OBJECTIVE: Drug resistance is a major concern in the treatment of individuals with epilepsy. No genetic markers for resistance to individual antiseizure medication (ASM) have yet been identified. We aimed to identify the role of rare genetic variants in drug resistance for three common ASMs: levetiracetam (LEV), lamotrigine (LTG), and valproic acid (VPA). METHODS: A cohort of 1622 individuals of European descent with epilepsy was deeply phenotyped and underwent whole exome sequencing (WES), comprising 575 taking LEV, 826 LTG, and 782 VPA. We performed gene- and gene set-based collapsing analyses comparing responders and nonresponders to the three drugs to determine the burden of different categories of rare genetic variants. RESULTS: We observed a marginally significant enrichment of rare missense, truncating, and splice region variants in individuals who were resistant to VPA compared to VPA responders for genes involved in VPA pharmacokinetics. We also found a borderline significant enrichment of truncating and splice region variants in the synaptic vesicle glycoprotein (SV2) gene family in nonresponders compared to responders to LEV. We did not see any significant enrichment using a gene-based approach. SIGNIFICANCE: In our pharmacogenetic study, we identified a slightly increased burden of damaging variants in gene groups related to drug kinetics or targeting in individuals presenting with drug resistance to VPA or LEV. Such variants could thus determine a genetic contribution to drug resistance.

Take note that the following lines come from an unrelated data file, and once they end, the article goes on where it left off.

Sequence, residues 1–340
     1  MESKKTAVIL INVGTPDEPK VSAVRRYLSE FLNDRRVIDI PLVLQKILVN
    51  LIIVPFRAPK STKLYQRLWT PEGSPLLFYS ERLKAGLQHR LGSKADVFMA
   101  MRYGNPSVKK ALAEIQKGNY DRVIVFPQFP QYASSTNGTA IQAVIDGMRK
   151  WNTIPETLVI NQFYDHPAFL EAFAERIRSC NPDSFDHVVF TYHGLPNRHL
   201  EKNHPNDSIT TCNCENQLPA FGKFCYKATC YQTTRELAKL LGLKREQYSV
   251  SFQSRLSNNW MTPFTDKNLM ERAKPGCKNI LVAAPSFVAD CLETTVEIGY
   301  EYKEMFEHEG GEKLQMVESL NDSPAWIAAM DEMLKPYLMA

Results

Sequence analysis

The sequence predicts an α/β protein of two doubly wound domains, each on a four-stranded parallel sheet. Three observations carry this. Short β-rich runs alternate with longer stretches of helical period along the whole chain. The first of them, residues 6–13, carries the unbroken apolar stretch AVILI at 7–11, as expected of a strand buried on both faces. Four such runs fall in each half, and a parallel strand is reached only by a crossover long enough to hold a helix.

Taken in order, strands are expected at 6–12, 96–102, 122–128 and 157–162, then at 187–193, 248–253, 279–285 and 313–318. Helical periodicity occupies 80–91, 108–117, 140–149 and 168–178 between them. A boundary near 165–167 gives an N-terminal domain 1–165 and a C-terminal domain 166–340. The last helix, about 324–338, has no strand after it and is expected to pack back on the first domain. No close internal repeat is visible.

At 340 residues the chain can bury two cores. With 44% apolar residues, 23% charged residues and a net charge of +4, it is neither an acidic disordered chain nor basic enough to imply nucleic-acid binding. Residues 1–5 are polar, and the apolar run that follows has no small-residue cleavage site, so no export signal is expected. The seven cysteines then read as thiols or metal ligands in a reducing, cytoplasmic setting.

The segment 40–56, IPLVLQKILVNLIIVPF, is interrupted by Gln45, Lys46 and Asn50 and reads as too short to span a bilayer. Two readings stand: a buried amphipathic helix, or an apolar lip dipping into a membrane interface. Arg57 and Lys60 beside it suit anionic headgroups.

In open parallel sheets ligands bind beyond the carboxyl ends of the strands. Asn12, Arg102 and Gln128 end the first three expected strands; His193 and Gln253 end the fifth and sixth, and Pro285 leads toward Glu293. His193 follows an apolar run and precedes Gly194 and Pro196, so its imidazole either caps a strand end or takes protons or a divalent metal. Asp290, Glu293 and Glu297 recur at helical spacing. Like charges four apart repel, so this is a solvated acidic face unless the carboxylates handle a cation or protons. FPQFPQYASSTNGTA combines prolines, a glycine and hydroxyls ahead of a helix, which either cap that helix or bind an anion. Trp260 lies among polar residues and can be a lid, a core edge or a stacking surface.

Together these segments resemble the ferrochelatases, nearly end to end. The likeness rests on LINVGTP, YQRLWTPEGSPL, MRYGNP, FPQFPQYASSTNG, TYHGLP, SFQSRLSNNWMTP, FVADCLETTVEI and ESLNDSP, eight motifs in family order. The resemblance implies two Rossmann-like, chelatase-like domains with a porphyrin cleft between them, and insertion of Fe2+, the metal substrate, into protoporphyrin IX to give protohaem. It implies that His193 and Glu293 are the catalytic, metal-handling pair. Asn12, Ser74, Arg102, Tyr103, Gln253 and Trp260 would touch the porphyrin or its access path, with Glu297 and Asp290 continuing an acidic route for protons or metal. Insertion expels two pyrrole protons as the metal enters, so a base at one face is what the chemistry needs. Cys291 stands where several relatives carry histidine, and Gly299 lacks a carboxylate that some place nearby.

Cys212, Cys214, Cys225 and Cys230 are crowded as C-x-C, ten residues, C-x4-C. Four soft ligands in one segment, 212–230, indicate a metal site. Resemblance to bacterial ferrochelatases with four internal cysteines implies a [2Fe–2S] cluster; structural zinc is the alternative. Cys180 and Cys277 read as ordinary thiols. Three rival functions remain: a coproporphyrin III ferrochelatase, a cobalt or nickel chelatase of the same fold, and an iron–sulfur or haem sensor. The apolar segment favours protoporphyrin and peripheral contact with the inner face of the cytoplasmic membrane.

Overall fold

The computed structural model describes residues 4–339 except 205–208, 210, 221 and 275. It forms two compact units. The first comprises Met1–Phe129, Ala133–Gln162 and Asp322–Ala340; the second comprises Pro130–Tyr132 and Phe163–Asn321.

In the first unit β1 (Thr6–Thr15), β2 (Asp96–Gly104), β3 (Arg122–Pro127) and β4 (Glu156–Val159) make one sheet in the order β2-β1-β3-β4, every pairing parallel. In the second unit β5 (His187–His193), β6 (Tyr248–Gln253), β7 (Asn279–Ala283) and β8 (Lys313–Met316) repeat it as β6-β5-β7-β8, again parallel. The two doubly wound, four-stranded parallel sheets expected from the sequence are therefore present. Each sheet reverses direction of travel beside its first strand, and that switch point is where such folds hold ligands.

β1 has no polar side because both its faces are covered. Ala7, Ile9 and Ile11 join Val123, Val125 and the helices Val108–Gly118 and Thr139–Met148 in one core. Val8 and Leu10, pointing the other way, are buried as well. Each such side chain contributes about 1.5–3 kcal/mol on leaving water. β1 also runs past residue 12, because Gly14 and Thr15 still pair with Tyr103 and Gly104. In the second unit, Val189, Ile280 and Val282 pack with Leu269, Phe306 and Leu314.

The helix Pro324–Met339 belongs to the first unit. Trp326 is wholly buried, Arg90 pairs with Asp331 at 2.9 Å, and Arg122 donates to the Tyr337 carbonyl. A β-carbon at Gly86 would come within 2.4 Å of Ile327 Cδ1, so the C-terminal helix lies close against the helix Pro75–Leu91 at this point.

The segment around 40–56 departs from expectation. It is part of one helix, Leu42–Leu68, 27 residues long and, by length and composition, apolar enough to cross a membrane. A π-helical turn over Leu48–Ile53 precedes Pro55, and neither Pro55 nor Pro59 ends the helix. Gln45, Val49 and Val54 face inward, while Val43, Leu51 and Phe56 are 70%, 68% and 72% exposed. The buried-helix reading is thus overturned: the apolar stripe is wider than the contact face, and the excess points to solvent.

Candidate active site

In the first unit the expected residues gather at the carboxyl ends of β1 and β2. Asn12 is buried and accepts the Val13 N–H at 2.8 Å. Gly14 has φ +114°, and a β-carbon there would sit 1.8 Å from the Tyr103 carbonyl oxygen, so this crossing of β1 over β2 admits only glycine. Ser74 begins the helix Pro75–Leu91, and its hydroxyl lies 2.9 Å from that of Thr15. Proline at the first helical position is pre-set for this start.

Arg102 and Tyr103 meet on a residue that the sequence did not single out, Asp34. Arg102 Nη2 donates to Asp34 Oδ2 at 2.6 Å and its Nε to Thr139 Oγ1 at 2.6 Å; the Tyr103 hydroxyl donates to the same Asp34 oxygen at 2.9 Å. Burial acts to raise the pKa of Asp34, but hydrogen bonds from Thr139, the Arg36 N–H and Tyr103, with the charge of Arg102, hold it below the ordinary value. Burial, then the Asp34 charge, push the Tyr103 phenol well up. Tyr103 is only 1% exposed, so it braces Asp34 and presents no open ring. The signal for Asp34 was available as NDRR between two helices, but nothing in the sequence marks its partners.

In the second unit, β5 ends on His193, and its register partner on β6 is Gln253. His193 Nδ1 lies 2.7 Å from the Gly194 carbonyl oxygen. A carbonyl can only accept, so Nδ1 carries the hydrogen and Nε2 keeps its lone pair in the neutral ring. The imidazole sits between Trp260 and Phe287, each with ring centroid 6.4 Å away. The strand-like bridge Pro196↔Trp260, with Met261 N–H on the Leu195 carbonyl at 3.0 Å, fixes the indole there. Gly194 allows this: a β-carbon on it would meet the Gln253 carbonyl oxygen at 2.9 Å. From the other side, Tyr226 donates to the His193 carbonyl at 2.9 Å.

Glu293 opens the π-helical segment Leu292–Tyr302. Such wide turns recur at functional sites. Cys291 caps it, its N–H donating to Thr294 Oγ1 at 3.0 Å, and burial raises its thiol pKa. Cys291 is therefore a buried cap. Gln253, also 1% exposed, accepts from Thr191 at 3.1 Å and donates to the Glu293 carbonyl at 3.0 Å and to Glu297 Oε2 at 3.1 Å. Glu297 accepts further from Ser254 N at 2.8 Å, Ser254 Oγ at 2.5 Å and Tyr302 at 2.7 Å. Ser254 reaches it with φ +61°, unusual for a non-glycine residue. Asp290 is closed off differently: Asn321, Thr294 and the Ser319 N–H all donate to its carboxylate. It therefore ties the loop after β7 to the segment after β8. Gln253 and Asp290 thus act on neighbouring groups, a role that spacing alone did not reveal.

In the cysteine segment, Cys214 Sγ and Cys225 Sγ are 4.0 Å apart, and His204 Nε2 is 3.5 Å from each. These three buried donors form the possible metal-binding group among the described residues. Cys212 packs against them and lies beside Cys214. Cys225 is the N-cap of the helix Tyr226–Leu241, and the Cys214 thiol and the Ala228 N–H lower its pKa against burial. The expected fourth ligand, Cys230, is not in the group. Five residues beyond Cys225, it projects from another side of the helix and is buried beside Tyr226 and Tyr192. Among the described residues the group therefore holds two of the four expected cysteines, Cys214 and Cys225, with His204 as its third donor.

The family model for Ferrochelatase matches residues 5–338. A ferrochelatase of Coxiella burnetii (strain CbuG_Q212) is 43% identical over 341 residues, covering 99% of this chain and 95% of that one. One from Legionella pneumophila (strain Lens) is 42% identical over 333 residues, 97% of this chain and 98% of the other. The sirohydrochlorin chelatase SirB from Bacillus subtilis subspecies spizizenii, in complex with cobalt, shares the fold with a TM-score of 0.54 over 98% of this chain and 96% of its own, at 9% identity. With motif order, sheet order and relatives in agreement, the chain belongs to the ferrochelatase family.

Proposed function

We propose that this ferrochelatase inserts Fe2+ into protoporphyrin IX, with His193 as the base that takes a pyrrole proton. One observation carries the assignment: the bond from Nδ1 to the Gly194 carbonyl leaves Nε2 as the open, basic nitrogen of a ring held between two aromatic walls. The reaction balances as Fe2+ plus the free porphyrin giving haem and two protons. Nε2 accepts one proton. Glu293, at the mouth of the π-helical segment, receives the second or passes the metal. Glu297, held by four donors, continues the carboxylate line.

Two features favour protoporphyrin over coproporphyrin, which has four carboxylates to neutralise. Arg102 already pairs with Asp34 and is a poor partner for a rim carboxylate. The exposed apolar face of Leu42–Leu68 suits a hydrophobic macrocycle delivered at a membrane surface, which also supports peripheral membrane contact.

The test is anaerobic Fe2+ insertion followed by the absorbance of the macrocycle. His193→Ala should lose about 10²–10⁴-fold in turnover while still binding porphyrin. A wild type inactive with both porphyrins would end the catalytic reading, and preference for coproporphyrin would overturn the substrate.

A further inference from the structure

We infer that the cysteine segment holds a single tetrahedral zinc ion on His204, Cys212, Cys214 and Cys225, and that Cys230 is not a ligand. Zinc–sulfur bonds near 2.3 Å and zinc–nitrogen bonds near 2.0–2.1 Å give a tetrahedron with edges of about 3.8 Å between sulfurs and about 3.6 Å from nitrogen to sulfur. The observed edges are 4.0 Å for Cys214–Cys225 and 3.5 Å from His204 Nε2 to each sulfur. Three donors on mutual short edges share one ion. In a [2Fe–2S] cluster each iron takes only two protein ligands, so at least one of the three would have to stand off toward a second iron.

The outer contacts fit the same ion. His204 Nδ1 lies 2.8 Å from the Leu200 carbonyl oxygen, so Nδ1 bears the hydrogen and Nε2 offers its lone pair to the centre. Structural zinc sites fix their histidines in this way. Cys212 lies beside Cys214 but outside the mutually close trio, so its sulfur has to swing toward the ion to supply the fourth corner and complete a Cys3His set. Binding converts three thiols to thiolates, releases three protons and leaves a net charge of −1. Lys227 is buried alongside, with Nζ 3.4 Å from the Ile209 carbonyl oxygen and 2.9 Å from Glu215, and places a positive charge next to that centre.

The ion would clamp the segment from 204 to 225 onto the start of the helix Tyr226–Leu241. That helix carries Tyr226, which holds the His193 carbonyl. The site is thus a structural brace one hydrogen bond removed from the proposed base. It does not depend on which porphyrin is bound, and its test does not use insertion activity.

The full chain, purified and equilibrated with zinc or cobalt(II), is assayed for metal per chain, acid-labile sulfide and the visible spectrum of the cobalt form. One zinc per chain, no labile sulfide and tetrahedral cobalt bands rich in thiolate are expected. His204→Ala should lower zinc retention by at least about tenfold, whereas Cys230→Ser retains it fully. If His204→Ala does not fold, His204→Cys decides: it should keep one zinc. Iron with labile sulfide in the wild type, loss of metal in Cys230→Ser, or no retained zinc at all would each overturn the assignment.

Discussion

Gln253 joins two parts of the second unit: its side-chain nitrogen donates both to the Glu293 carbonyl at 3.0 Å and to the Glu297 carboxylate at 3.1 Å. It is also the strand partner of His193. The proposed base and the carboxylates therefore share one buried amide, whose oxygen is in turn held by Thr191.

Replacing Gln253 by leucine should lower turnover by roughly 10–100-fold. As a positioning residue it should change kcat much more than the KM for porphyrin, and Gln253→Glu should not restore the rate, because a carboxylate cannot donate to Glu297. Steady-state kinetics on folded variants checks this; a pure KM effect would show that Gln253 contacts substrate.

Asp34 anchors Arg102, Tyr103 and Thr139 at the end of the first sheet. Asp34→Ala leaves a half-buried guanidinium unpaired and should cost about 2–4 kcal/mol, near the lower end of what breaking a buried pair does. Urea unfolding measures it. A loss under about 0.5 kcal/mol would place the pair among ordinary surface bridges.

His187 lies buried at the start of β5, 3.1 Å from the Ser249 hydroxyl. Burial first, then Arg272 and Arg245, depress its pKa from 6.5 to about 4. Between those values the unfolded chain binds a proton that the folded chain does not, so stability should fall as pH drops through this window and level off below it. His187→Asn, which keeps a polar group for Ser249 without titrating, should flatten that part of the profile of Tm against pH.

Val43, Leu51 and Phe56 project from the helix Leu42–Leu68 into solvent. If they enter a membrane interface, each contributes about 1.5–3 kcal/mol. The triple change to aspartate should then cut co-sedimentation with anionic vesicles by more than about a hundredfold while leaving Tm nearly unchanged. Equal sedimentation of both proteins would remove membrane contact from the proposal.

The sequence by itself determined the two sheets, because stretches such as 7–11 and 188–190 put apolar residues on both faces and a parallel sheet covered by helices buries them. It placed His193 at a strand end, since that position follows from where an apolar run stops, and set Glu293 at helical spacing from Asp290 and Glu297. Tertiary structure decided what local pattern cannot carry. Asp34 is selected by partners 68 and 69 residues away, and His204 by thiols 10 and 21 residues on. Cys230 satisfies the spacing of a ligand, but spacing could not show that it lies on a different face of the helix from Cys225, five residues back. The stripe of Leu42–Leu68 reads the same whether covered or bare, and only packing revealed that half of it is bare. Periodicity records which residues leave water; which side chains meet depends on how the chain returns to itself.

Journal article

Schidlitzki A, Bascuñana P, Srivastava PK, Welzel L, Twele F, Töllner K, Käufer C, Gericke B, Feleke R, Meier M, Polyak A, Ross TL, Gerhauser I, Bankstahl JP, Johnson MR, Bankstahl M, Löscher Wet al., 2020, Proof-of-concept that network pharmacology is effective to modify development of acquired temporal lobe epilepsy, Neurobiology of Disease, Vol: 134, Pages: 1-16, ISSN: 0969-9961

Epilepsy is a complex network phenomenon that, as yet, cannot be prevented or cured. We recently proposed network-based approaches to prevent epileptogenesis. For proof of concept we combined two drugs (levetiracetam and topiramate) for which in silico analysis of drug-protein interaction networks indicated a synergistic effect on a large functional network of epilepsy-relevant proteins. Using the intrahippocampal kainate mouse model of temporal lobe epilepsy, the drug combination was administered during the latent period before onset of spontaneous recurrent seizures (SRS). When SRS were periodically recorded by video-EEG monitoring after termination of treatment, a significant decrease in incidence and frequency of SRS was determined, indicating antiepileptogenic efficacy. Such efficacy was not observed following single drug treatment. Furthermore, a combination of levetiracetam and phenobarbital, for which in silico analysis of drug-protein interaction networks did not indicate any significant drug-drug interaction, was not effective to modify development of epilepsy. Surprisingly, the promising antiepileptogenic effect of the levetiracetam/topiramate combination was obtained in the absence of any significant neuroprotective or anti-inflammatory effects as indicated by multimodal brain imaging and histopathology. High throughput RNA-sequencing (RNA-seq) of the ipsilateral hippocampus of mice treated with the levetiracetam/topiramate combination showed that several genes that have been linked previously to epileptogenesis, were significantly differentially expressed, providing interesting entry points for future mechanistic studies. Overall, we have discovered a novel combination treatment with promise for prevention of epilepsy.